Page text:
- Deseret News - Thursday, August 21, 2014

At first it seemed like nothing more than hype — as early as last week critics were calling foul, accusing shivering ice bucketers everywhere of “slacktivism” — doing something to make themselves feel good, but not really making a difference.

But now the numbers are in on the viral sensation of the ice bucket challenge — in which friends dare each other on social media to dump a cooler of ice over their heads or donate money to the ALS foundation, or both. And the numbers are real. Between July 29 and Aug. 20, the ALS Association has raised over $30 million. To put that in perspective, in 2012 the organization took in about $19 million for the whole year.

It’s a self-perpetuating, cost-free cash cow. It’s a social media phenomenon that didn’t just raise awareness — it actually raised cold, hard cash. So what made it work, and can other causes recreate it?

Authenticity counts

The ice bucket challenge was kicked-off not by the ALS Association, but an individual who suffers from ALS, amyotrophic lateral sclerosis, or Lou Gehrig’s disease, as it is commonly called. Peter Frates, the 29-year-old former captain of the Boston College baseball team who was diagnosed in 2012, kicked off the campaign with his network of sports fans and players for teams like the Boston Bruins and New York Rangers, according to Time.com. Soon other sports celebrities joined in, which led to more celebrities.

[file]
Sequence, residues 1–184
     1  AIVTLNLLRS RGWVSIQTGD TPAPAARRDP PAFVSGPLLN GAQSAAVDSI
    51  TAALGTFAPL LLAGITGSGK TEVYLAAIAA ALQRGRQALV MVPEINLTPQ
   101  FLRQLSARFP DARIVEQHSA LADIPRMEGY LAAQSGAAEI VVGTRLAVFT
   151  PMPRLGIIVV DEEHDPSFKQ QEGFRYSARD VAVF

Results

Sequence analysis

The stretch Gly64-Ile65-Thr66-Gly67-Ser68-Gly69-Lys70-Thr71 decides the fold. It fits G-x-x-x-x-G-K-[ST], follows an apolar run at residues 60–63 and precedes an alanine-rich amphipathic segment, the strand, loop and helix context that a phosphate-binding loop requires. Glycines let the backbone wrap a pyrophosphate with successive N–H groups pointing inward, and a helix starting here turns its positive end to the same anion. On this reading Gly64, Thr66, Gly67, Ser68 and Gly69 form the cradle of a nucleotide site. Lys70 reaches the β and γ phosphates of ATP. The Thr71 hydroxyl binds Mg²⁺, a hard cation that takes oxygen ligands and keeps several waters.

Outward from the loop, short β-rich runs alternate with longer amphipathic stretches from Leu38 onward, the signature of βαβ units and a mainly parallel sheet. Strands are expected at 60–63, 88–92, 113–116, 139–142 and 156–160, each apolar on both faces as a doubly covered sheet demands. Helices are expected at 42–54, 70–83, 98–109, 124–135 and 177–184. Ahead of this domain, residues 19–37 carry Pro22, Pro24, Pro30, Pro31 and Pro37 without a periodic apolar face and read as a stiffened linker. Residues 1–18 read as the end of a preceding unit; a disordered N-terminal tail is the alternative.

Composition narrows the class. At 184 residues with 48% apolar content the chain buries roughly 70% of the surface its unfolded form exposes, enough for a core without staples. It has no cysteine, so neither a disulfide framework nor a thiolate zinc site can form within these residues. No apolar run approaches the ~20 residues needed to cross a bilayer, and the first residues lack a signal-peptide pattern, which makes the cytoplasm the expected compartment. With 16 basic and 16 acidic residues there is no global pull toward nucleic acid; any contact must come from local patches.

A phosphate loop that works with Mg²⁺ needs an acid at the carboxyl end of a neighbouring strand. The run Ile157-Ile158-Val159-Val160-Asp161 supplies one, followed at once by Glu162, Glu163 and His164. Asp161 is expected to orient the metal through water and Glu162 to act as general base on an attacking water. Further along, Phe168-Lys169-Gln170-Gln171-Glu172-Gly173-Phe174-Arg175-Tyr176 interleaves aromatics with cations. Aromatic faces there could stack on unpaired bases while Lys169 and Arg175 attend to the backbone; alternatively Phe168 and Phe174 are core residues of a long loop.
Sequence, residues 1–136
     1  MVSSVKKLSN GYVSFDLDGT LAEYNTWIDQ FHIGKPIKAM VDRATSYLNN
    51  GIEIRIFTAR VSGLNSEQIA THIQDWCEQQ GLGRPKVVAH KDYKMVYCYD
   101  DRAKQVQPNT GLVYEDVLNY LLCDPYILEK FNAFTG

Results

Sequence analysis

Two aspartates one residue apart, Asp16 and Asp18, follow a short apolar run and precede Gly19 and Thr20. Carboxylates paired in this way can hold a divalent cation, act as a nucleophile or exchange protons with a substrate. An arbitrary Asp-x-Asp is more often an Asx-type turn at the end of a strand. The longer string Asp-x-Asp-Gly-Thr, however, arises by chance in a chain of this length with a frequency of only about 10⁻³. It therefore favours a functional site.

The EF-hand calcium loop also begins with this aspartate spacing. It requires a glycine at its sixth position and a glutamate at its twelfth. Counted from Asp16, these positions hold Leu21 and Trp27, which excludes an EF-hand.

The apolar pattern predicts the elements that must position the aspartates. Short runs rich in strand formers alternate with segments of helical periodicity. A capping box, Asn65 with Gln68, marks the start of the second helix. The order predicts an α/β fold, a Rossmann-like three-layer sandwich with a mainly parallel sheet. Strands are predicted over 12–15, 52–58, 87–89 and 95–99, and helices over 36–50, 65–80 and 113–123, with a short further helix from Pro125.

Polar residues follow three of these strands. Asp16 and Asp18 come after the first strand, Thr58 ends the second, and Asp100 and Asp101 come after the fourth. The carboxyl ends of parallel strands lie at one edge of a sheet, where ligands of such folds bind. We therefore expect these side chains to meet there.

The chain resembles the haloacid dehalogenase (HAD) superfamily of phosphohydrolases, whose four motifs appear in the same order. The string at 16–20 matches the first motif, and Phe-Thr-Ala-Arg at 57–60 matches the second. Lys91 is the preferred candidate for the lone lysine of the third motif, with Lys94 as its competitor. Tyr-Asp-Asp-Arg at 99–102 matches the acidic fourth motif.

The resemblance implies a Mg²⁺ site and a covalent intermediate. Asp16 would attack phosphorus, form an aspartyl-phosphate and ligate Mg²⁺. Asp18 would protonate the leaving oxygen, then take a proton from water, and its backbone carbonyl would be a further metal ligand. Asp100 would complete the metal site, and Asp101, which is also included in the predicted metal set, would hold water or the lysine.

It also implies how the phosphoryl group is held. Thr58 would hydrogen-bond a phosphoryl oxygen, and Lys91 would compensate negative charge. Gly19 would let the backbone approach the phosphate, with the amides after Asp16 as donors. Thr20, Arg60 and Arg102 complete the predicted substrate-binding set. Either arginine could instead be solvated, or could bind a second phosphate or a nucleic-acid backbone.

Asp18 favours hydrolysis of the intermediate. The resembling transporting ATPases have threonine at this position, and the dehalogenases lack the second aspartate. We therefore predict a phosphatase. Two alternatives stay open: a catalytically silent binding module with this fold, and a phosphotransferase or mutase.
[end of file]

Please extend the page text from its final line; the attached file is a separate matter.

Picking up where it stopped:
People are more likely to follow a cause that’s personal. A study from the University of Pennsylvania found that people are more likely to feel sympathetic to a cause that has an “identifiable” face behind it.

It’s easy and light-hearted

Causes can get heavy, but gimmicks like the ice bucket challenge keep it easy and fun. Unlike a fun run or a food drive, it’s easily achieved and shared in a snap. And instead of keeping the focus on a heavy issue, the focus stays on something that’s light-hearted. Movember — the challenge in which men grow mustaches to raise money for men’s health issues like prostate cancer — has the same appeal.

Experts theorize that it’s harder for people to keep focused on tragedy or trauma.

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